Bosba Panh *1997
“the sun also rises” for solo guitar (2020)
the sun also rises is a 2020 commission by American guitarist Jamie Monck. Jamie and I met while doing our studies at the New England Conservatory of Music in Boston; and this commission was inspired in parts by Jamie’s guitar maker, Steve Connor. Steve names all his guitars - in this case, Jamie’s guitar was named Ondine, after the first movement of Maurice Ravel’s Gaspard de la Nuit. From there came the idea of a commission around the theme of Ravel’s Ondine.
Bosba: “I decided, instead of doing a clumsy “transcription” of Ondine, to filter my memory and sensory experience of Ravel’s piece into what came naturally to me. The piece doesn’t isn’t attached to a narrative specifically, but rather to a distinct sensation revolving around light: from Monet’s paintings, reflections on water, to the burning sun at noon during summertime, to twilight. le peu de temps also draws on the music of Joaquín Rodrigo and Heitor Villa-Lobos guitar études, as an homage and acknowledgment of the different musical heritages I was raised into. I’ve always struggled with feeling “Cambodian” or “French” enough: trying to force Cambodian music into a tonal language, or grossly mimicking Cambodian music for the sake of “checking boxes”. As I progress into age and my career, I don’t think either musical heritages are meant to fusion and interlock, but just layer and present “as is”.
Leo Brouwer *1939
Sonata for solo guitar (1990)
1. “Fandangos y Boleros,”
2. “Sarabanda de Scriabin,”
3. “La Toccata de Pasquini,”
One of the leading contemporary composers for guitar, Leo Brouwer melds folk elements, African rhythms from his native Cuba, neo-Romanticism, and avant-garde techniques into a distinctive and colorful style all his own. In this sonata, Brouwer further enriches the collage of meaning by weaving in allusions to famous composers. In addition, he creates a cyclical element by deploying the same motto theme, characterized by repeated notes on the bass strings, in each movement.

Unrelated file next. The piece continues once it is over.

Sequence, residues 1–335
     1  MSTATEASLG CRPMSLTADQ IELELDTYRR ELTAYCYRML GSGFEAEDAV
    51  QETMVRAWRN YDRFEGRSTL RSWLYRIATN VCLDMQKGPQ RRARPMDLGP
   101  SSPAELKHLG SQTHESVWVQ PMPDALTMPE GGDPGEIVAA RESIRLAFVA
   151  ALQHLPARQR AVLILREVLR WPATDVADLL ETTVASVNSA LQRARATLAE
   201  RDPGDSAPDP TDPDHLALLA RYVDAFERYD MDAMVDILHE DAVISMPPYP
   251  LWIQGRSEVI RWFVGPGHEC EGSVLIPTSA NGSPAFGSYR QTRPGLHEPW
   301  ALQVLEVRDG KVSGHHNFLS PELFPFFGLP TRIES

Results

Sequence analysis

Chinary Ung *1942
Rising Spirals (1996)
Chinary Ung was born in Takeo, Cambodia, on November 24, 1942. His first advanced musical studies were at the Ecole de Musique Phnom Penh. After immigrating to the U.S. in 1964, he enrolled at the Manhattan School of Music for clarinet studies, but transferred to Columbia University to study composition with Chinese-American composer Chou Wen-Chung. Ung achieved success with his first significant compositions, Mohori (1970) and Tall Wind (1974), both for vocalist and chamber ensemble. But between 1974, the year of his Columbia graduation, and 1985 he virtually abandoned composition, producing but a single work, Khse Buon (1980), for solo cello or viola. Ung used the decade-long hiatus to aid relatives and artists escape the murderous and oppressive Khmer Rouge regime, then in control of Cambodia. In 2002 Ung returned to his native country for the first time since 1964. There he performed in several concerts of his music. Ung has remained active as a composer in the new century, producing such pieces as the 2008 choral work Spiral XII: Space Between Heaven and Earth.
Prince Narisaranuwuttiwong (1863-1947)
"Khmen Sai Yok" (Sai Yoke Tales, a Khmer Theme)
Prince Narisara Nuwattiwong was born in Bangkok, Thailand. He was the son of Pannarai and King Rama IV (also known as King Mongkut). Prince Nuwattiwong was educated by Western missionaries who encouraged his interest in the fine arts
Roland Dyens (1955-2016)
a French classical guitarist, composer, and arranger.
Dyens was born in Tunis, Tunisia. He studied guitar with the Spanish classical guitarist Alberto Ponce and analysis with Désiré Dondeyne. He has won several prizes in competitions for classical guitar performance as well as for composition.
As a performer, Dyens is known for his extraordinary capacity for improvisation. Essentially unique among classical guitarists. He taught at the Conservatoire National Supérieur de Musique de Paris, where he was Professor of Guitar. He died on October 29, 2016 at the age 61.
Valse en Skaï (1994)
Valse en Skaï (1994) was written under extreme conditions (taking just a night and a day), and first performed in equally arduous circumstances (just three days later, by the capable hands of that excellent guitarist Aniello Desiderio, in Hungary). This little work nevertheless manages to waltz its way through melancholy, dissonance and humour, while nonchalantly juggling with a fairly demanding tasklist. Its only real liberty is the use of the tape, left to the discretion of the performer. Roland Dyens
Is the third 3rd movement of the „Libra Sonatine”. Composed in 1986 and one of Dyens' most popular works.